Did you look at any of these tutorials here at CADTutor re: 3D Basics? http://www.cadtutor.net/tutorials/autocad/index.php?category_id=25

 

Bottom line. I tried to help. You don't want my help, specifically, then say so and I will step away from this thread and hold no grudges. I bear you no ill will.

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ReMark

Tell me how to change the view?

 

This can be done in one of two ways.

 

First - manually at the command line using the UCS command.

 

Second - via a button on a toolbar.

 

I recommend having the VIEW toolbar open. Toolbars can be added to your screen simply by right-clicking on an existing toolbar and selecting one of the many options.

 

The toolbar can be placed on your screen wherever you like. It can 'float' or it can be anchored.

 

This is what the VIEW toolbar looks like:

 

ViewToolbar1.PNG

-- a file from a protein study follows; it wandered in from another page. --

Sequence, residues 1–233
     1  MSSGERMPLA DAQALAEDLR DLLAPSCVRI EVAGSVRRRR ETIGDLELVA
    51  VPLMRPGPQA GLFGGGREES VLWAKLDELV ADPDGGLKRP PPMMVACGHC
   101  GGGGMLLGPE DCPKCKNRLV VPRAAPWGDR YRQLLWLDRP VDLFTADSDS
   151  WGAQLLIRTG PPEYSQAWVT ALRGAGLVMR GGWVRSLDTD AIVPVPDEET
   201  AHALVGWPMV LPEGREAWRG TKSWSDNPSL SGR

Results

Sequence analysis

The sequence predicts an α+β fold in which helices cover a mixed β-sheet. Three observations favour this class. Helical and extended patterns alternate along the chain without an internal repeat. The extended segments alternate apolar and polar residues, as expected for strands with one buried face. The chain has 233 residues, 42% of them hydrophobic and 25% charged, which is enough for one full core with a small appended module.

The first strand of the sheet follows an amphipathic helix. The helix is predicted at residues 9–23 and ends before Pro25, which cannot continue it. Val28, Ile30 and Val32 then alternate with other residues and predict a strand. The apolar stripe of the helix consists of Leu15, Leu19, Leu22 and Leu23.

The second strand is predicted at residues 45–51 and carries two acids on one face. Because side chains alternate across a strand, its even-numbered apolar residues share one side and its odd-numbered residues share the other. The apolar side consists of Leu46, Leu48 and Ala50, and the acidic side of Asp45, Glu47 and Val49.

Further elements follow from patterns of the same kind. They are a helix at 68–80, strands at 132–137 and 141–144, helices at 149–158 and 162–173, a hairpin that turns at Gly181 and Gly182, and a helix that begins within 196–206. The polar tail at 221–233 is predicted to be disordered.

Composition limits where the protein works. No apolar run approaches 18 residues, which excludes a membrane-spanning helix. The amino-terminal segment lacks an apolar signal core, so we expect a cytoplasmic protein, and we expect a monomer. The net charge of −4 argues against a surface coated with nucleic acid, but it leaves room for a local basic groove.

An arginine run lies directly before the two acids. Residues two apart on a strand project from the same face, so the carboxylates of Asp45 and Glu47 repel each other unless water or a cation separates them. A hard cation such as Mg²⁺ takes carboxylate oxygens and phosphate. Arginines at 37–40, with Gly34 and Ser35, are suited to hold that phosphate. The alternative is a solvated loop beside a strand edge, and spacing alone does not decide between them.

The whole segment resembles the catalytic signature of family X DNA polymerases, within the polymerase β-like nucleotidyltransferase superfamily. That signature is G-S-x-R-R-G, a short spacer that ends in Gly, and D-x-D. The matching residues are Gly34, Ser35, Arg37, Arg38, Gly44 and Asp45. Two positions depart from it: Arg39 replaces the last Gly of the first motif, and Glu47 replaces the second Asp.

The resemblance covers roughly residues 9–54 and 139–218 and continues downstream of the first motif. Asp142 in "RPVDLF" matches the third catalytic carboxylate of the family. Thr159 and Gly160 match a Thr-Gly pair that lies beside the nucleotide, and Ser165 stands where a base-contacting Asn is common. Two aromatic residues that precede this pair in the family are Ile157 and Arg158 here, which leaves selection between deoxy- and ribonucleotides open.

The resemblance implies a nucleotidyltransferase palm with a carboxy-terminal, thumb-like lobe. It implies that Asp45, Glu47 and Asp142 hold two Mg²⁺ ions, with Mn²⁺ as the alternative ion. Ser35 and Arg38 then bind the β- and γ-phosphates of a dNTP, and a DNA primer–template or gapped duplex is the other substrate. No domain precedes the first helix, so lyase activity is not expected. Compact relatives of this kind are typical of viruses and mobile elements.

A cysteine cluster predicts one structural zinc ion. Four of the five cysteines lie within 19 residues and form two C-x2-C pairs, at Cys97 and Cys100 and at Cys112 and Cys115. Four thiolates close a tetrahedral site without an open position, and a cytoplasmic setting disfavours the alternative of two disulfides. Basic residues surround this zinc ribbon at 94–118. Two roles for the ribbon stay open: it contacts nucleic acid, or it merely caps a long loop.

I have circled the SE isometric view icon.

 

Next I would recommend that you work in 2Dwireframe visual style rather than in the Conceptual style. Utilize your OSnaps for accurate picks.

 

What else do you want to know about working with the UCS?

 

Do you know how to move the origin of your UCS to a different location on your geometry?

 

Do you know that you can set up multiple viewports in model space and show a different view in each one? This is done via the VIEWPORTS command.

 

ViewportsDialogBox.jpg

 

Here I have elected to have four viewports using a 3D setup showing the top, front, right and SE isometric views. The isometric view I want to see in a conceptual visual style so that's what I set it to display as. The other three views I want to see in a 2Dwireframe visual style.

 

Click in a viewport to make it active. Changes in one viewport will be reflected in the other three.

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ReMark

"You use terms with meanings you only know please dumb it down."

 

Which terms are you referring to? UCS, Viewports, Origin, Visual Style, Toolbars, 3DOrbit, other?

 

Give us a list and we'll explain it and provide an example if required.

Edited by ReMark

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ReMark

"How do you measure sloppy?"